In In this June 1, 2016 file photo, flags of...

In In this June 1, 2016 file photo, flags of some of the 193 countries fly in the breeze in front of the Secretariat building of the United Nations. Credit: AP

UNITED NATIONS — UN officials and ambassadors Wednesday launched a multibillion-dollar appeal for victims of Yemen’s brutal civil war, condemned a terrorist attack in Afghanistan and celebrated two decades since the launch of a landmark protocol of protections for children in armed conflict.

The halls of the UN’s Manhattan and Geneva locations were abuzz with the high-profile recognition of the 20-year-old General Assembly resolution to protect children in violent hot spots, as ambassadors responded to the latest spate of violence in Kabul, political instability in Libya, and displaced and starving millions of people in need in Yemen’s war.

“Two years of war have devastated Yemen and millions of children, women and men desperately need our help,” said Stephen O’Brien, undersecretary-general for humanitarian affairs and emergency relief coordinator, in a statement announcing the launch of a $2.1 billion appeal for Yemen in Geneva.

“Without international support, they may face the threat of famine in the course of 2017 and I urge donors to sustain and increase their support to our collective response,” he added. “Humanitarian partners are ready to respond. But they need timely, unimpeded access, and adequate resources, to meet the humanitarian needs wherever they arise.”

The UN’s Office for the Coordination of Humanitarian affairs estimates that 18.8 million people are in need of assistance, with 10.3 million people “acutely affected” and nearly 3.3 million people – including 2.1 million children – acutely malnourished.

The appeal came a day after a bombing outside Supreme Court in Kabul, Afghanistan, on Tuesday, an attack that left 21 people dead and 40 wounded.

“The members of the Security Council expressed their deep sympathy and condolences to the families of the victims and to the people and Government of Afghanistan and welcomed their unity in confronting this tragedy,” read a statement issued by the 15-member UN Security Council, which also met Wednesday to consider the political climate in Libya. “They wished the injured a speedy recovery.”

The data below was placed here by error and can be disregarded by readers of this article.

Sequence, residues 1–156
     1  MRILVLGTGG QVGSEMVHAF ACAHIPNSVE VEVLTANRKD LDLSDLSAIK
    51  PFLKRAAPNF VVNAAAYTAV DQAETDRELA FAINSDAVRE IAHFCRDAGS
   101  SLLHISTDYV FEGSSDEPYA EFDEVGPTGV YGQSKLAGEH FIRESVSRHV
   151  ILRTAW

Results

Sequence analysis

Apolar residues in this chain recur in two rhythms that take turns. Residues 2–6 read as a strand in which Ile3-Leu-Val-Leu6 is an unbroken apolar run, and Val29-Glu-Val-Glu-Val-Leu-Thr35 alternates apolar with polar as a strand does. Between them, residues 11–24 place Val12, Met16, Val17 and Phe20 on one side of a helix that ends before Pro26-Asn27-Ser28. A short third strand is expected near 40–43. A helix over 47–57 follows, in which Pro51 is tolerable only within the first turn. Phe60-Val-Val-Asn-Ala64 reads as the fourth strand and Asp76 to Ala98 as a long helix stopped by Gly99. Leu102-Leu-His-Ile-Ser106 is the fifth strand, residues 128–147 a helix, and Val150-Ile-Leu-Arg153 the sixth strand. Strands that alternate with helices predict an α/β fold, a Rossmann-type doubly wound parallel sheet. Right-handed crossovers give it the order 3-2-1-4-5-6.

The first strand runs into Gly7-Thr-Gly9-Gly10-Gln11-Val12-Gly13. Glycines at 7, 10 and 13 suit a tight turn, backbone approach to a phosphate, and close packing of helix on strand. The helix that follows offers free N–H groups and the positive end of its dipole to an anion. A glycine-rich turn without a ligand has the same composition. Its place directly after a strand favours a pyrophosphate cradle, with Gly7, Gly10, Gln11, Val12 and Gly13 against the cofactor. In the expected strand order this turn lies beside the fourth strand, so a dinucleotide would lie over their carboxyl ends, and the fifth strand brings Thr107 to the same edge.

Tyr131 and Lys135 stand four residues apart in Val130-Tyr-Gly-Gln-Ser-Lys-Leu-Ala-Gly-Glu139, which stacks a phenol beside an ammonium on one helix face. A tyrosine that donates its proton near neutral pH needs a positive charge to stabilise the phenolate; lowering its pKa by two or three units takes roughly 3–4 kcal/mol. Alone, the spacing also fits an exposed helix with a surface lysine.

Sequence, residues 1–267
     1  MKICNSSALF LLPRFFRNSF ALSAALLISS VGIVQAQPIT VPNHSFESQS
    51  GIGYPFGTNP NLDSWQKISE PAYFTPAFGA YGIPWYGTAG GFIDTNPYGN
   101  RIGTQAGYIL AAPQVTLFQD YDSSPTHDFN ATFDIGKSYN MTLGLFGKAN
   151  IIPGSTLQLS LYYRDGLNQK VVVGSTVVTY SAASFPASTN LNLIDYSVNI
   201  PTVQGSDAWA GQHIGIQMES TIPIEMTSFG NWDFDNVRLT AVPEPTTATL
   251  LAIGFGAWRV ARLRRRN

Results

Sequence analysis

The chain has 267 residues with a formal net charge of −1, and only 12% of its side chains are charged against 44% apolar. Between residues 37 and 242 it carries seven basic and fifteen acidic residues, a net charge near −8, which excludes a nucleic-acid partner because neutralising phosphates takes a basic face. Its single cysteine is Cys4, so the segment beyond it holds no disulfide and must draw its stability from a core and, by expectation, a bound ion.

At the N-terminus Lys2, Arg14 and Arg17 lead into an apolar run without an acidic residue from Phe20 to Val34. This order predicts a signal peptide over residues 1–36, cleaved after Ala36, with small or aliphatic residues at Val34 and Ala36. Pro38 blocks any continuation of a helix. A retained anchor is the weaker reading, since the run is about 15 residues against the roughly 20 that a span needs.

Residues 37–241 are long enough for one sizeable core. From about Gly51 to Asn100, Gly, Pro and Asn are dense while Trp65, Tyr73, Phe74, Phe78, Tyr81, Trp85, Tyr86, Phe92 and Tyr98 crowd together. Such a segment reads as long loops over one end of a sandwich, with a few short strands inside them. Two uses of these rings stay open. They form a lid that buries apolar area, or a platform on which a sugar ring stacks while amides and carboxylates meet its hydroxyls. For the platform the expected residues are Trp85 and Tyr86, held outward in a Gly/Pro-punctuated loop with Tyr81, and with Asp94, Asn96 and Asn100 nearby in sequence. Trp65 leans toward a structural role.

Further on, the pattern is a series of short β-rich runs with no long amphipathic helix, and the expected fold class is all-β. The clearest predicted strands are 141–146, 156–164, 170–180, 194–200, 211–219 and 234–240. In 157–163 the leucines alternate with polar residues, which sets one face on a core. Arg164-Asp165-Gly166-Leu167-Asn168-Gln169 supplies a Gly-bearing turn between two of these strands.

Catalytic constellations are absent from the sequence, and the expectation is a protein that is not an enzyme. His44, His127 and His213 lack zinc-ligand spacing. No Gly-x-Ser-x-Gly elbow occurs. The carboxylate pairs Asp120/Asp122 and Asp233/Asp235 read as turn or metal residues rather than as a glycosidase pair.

Meanwhile, members of civil society groups, UN representatives and ambassadors vowed at a General Assembly meeting to continue to improve the lives of children trapped in armed conflicts dotting the globe.

“The world cannot be at peace if we do not protect our children,” said Academy Award-winning actor Forest Whitaker, a special UN envoy who made a video statement at the commemoration of 20th anniversary of the mandate on children and armed conflict. “Seeing children carrying weapons, as I did in South Sudan, is one of the most disturbing human experiences.”

Leila Zerrougui, special representative of the secretary-general for children and armed conflict, moderated the assembly.

“Children, you already hear, are at the heart of the suffering posed by armed conflict,” she said. “They are recruited and used, left disabled, raped, orphaned and driven from their homes, deprived of their right to education and their hopes for the future are compromised.”

UN officials and ambassadors hailed the success of the Children, Not Soldiers campaign with Zerrougui’s office and other UN agencies such as UN Children’s Fund that, officials estimate, has pulled more than 115,000 children from the ranks of government armies since 2000.

“Among the incomprehensible horrors that take place in the chaos of war zones, unconscionable crimes, violations, exploitation and abuse are perpetrated against the most vulnerable members of our societies — namely our children,” said Peter Thomsen, president of the General Assembly, adding that 250 million children live in areas now affected by conflict.

Thomsen, of the Fiji islands, said six main violations “continue unabated, including recruitment and use, killing and maiming, acts of sexual violence, abduction, attacks on schools and hospitals and denial of humanitarian access. . . . As we embark on the third decade of the mandate, it is clear that far more needs to be done.”

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